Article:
Top Service News
Getting Your Business Terms and Conditions Right
The terms and conditions document for any business is the contract between the business and the customer for your supply of goods or services, and which regulates the business relationship.
The same document could be called many other names, such as “business terms”, “terms of sale” or “T&C’s”.
To many businesses, “terms and conditions” presents an image of lengthy, legal jargon. However, it is a crucial point of reference when issues arise. Terms and conditions need to be valid in law and in court.
Why use Terms and Conditions?
The purpose of a set of terms and conditions is to confirm what you have agreed, or to present the terms under which your business will accept business, including those that:
- define the contract
- set out business procedures
- protect your business and your rights
- limit your liability
If you are paid upfront, it still matters that you should have a record of your contract. Quite simply, that you have been paid for the goods or services already does not always protect your business from issues arising later.
Litigation can be stressful and takes key focus away from the business. Defending or pursing a claim can also be costly. It is far easier to have good set of terms and conditions in place to help avoid problems and litigation.
What should the Terms and Conditions document include?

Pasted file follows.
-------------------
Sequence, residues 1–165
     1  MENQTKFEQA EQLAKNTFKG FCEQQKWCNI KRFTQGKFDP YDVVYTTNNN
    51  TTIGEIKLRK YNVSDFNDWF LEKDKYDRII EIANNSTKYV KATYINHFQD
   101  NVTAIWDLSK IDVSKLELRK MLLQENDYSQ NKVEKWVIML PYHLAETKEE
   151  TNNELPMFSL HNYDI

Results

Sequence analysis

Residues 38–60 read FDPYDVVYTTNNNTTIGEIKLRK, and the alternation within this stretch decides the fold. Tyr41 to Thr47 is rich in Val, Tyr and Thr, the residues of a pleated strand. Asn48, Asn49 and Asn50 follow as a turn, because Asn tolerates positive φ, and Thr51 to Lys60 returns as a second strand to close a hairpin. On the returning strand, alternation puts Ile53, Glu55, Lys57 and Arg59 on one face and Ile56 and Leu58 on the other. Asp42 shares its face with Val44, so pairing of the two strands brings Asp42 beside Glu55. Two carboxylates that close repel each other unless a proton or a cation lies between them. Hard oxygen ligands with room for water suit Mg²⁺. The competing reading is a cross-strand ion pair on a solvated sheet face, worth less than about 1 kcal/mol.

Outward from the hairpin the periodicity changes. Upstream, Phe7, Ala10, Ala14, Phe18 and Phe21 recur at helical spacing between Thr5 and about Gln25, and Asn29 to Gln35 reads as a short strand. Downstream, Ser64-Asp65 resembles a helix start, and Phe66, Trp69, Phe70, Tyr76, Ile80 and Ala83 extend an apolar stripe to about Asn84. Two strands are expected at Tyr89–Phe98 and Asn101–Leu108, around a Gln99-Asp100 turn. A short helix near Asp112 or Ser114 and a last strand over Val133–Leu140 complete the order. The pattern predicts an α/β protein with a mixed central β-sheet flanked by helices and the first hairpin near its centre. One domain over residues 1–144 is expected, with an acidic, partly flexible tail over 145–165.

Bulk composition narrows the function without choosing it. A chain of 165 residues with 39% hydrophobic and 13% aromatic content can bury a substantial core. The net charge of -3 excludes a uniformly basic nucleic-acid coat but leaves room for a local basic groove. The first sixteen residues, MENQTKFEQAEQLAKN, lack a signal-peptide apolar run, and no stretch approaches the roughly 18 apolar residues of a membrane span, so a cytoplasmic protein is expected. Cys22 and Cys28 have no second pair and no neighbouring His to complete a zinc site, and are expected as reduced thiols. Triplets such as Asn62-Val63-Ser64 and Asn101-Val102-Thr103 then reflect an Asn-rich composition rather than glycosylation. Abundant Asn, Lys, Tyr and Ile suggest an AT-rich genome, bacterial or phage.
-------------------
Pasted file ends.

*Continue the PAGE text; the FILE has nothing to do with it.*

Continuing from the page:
A well-drawn terms and conditions document should include, amongst many others, the following main provisions.
- Definition of the contract
Your terms should make clear what you are selling/supplying. The goods and services could be described in detail or by reference to another document, such as a sales brochure or your business web site.
- The price
This should include all variations and circumstances as well as provisions for increase.
- Method and timing of payment acceptable to you
Your contract should include late payment provisions. In cases where an ongoing service is provided, these should include default and penalty provisions.
- Provisions relating to carriage, delivery, risk and insurance
Every business selling goods should have their own terms to cover these areas of activity.
- Limitation of your liability
These terms limit the damages that you have to pay to your customer if your goods or services fail.
- Termination provisions
Some contracts are effectively terminated when the transaction is complete, but others can be ongoing or cover a period of time. Consideration is needed to establish what can cause termination of the agreement/contract. Situations regarding payment and delivery of goods can cause termination if this is contained within the terms and conditions.
- Data protection and privacy
The Data Protection Act imposes strict duties. It is necessary to tell customers how you intend to comply by telling them what data you hold and why. If you trade online, you may refer to your privacy notice as displayed on your website.
It is essential that your customer agrees to the terms bound to them. The terms and conditions can clearly state the situation the parties are bound by the terms of the contract.